0

I'm searching for a way to expand my /boot partition. In general I have some free unallocated space. Using gparted the new size of /boot can't be bigger then the actual size according to the GUI.

enter image description here Is there any chance to resize this partition from 100mb to 200mb?

I'm having a multi boot system (win 7 / gentoo); so using a tool with windows would be also possible.

  • 4
    You need to have the unallocated space next to the partition you wish to extend. – sebasth Sep 14 '17 at 6:33
  • This can be done only manually? Like shrink sda3 and add this to sda2. Then shrink sda2 and add this to sda1? Is there any free tool which could manage this? And how to resize this Microsoft reserved partition? With gparted it cant be resized it seems...Resiizing is greyed out... – StephanM Sep 14 '17 at 6:39
  • If you can shrink sda3 at the beginning of the partition, then you could move sda2 to the freed space and finally extend sda1. It might not be possible to do all this using GParted. – sebasth Sep 14 '17 at 6:43
1

As mention in the comment you'll need to shrink sda3 from the LEFT (which is not the default why) then move sda2 the same way (expand to the right > then shrink from the left), then you'll have the free space needed to expand sda1.

P.S, you will need to do all this via external system which not using the disks, like a LIVECD - try systemrescuecd for that matter.

  • Thx, got it. Is it possible with any linux tool? With gparted i cant move/resize the Microsoft partion as this option is greyed out in the context menu. Or is it just because before and after sda2 is currently no unallocated space? – StephanM Sep 14 '17 at 7:02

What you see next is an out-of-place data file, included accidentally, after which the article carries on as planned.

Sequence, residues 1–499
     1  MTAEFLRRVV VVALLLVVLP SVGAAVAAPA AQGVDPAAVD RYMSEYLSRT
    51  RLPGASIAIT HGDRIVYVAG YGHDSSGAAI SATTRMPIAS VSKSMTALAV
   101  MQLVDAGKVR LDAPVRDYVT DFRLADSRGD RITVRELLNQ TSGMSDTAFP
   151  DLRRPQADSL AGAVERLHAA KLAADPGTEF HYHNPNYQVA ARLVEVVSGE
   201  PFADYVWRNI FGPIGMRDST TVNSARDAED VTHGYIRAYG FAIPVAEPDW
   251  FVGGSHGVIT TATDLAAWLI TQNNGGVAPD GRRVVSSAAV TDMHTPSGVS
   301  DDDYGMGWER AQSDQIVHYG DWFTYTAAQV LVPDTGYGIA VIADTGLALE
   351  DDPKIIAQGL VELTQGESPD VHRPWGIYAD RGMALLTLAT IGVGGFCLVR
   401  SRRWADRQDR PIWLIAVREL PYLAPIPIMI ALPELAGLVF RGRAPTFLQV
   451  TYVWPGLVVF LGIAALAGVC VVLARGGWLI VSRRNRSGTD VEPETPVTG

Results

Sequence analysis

• use SystemRescueCD which have gparted included, make sure the partition is not mount/auto-mounted, then start the shifting like above. – Rabin Sep 14 '17 at 7:28
0

Since it's a Linux-compatible partition with relatively little data and you have a few larger empty spots in your partition layout, I'd suggest you just

  • backup the contents of the partition,
  • delete it¹,
  • recreate it in one of the larger empty spots (e.g. the 900 MB one),
  • change the mount information in /etc/fstab (since you just replaced the partition UUID with a new one),
  • mount it, and
  • copy the data backup onto it.

Since this is the /boot partition containing your kernel, you'll need to make its new position known to the bootloader (usually GRUB) afterwards.
The exact commands depend on the distribution you're using, but you'll usually boot a live CD/USB of your distro, mount your partitions in a chroot environment, and run grub-install /dev/<your main disk>.
With prior experience or a good tutorial, that's done in five to ten minutes. ;)

That should be much faster than moving around multiple large filesystems (which involves more than just moving the first few MB to the end of the partition, since the filesystem on the partition has to stay consistent).

Besides, I'm not sure if Windows likes having "Microsoft reserved" partitions moved around: partitions like that are often used for "revert to factory defaults" features and have their partition number and/or position hardcoded somewhere.

¹ Deleting it before recreating it only serves to keep the partition number the same. If you don't care if the partition gets changed from sda1 to sda4, you can create the new partition and copy over the data straight away. That way, you might even get away without requiring a live CD/USB after all, just running everything (including grub-install from your existing Linux system.

Your Answer

By clicking “Post Your Answer”, you agree to our terms of service, privacy policy and cookie policy

Not the answer you're looking for? Browse other questions tagged or ask your own question.